2010 Feb;94(2):91-100. Epub 2009 Oct 7.
Personalized medicine: factors influencing reimbursement.
, Neumann PJ
Center for the Evaluation of Value and Risk in Health, Tufts Medical Center, 800 Washington St., #63, Boston, MA 02111, USA. firstname.lastname@example.org
Personalized medicine (PM) has attracted tremendous interest, but yielded few marketed products. We examined factors influencing the reimbursement of existing PM technologies.
We conducted six case studies of the following paired genetic tests and treatments: HER2/neu with trastuzumab (Herceptin); hepatitis C genotyping with ribavirin/pegylated interferon; Oncotype DX with chemotherapy; UGT1A1 with irinotecan (Camptosar); VKORC1/CYP2C9 with warfarin; BRCA1/2 with prophylactic surgical measures; and Oncotype DX with chemotherapy. We developed a framework for categorizing PM technology, and assessed factors influencing reimbursement, including quality of evidence, type of regulatory oversight, presence of clinical guidelines, and cost-effectiveness.
PM is not a monolithic concept, but rather encompasses different types of technology. The strength of evidence available for existing PM technology varies widely and, along with endorsement of clinical guidelines, appears to be the strongest predictor of reimbursement. In the absence of reimbursement, direct-to-consumer marketing has continued for some PM technology. The type of regulatory oversight and the results of cost-effectiveness analysis do not appear to be associated with reimbursement to date.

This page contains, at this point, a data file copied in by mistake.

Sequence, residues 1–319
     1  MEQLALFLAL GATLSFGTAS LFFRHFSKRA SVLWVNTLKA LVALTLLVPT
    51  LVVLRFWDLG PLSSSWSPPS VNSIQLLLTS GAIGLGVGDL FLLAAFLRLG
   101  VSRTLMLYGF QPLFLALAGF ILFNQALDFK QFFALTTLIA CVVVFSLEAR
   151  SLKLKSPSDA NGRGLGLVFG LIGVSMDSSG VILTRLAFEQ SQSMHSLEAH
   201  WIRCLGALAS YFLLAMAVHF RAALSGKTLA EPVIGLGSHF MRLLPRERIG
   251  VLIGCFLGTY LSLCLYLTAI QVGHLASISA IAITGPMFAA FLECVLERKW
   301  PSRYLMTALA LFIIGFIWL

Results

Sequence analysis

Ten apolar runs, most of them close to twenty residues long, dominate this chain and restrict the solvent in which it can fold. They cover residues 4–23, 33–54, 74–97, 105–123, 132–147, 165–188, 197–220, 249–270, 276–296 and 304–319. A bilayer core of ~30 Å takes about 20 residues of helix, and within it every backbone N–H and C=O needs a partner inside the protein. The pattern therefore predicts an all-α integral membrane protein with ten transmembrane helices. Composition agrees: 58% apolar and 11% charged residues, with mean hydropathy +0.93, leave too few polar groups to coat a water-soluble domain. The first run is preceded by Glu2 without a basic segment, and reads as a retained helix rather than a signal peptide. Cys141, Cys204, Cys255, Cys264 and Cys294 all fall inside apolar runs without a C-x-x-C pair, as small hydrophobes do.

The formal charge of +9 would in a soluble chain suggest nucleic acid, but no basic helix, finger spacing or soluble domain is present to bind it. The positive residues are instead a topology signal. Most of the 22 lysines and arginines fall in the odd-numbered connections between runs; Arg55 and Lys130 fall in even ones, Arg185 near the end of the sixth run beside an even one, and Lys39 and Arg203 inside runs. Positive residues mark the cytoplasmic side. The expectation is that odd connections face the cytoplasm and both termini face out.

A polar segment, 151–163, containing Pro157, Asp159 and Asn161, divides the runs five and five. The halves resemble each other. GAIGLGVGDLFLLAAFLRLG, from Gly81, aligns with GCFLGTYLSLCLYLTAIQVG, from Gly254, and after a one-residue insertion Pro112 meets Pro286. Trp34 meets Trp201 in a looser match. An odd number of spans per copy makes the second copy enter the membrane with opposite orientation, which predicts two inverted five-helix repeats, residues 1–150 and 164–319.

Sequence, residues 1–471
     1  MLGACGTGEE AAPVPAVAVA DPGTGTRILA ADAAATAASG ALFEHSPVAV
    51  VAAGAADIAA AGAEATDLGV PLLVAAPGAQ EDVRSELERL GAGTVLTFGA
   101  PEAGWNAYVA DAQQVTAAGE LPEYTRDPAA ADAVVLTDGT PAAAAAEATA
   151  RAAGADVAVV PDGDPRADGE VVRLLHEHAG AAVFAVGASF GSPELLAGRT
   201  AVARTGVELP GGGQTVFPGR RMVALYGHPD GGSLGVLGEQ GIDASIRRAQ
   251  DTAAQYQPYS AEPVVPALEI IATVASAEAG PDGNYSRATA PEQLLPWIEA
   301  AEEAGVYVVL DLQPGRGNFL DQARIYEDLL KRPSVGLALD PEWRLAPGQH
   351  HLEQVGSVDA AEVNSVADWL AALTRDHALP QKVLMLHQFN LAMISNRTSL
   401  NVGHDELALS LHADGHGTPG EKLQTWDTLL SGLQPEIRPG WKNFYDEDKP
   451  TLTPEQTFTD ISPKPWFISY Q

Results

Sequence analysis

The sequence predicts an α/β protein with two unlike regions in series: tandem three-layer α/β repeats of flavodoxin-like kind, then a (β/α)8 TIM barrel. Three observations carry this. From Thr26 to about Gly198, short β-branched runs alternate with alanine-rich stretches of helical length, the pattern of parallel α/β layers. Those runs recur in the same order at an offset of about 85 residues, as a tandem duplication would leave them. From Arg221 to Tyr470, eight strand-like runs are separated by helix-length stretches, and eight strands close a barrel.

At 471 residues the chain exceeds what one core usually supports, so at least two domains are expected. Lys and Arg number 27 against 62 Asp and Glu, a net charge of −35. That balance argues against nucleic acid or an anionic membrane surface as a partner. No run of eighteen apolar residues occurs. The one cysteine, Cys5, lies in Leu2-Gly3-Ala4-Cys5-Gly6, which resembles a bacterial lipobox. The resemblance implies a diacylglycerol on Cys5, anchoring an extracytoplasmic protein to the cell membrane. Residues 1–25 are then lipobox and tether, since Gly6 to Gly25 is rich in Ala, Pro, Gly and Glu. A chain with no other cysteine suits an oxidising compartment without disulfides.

To date, the promise and hype of PM has outpaced its evidentiary support. In order to achieve favorable coverage and reimbursement and to support premium prices for PM, manufacturers will need to bring better clinical evidence to the marketplace and better establish the value of their products.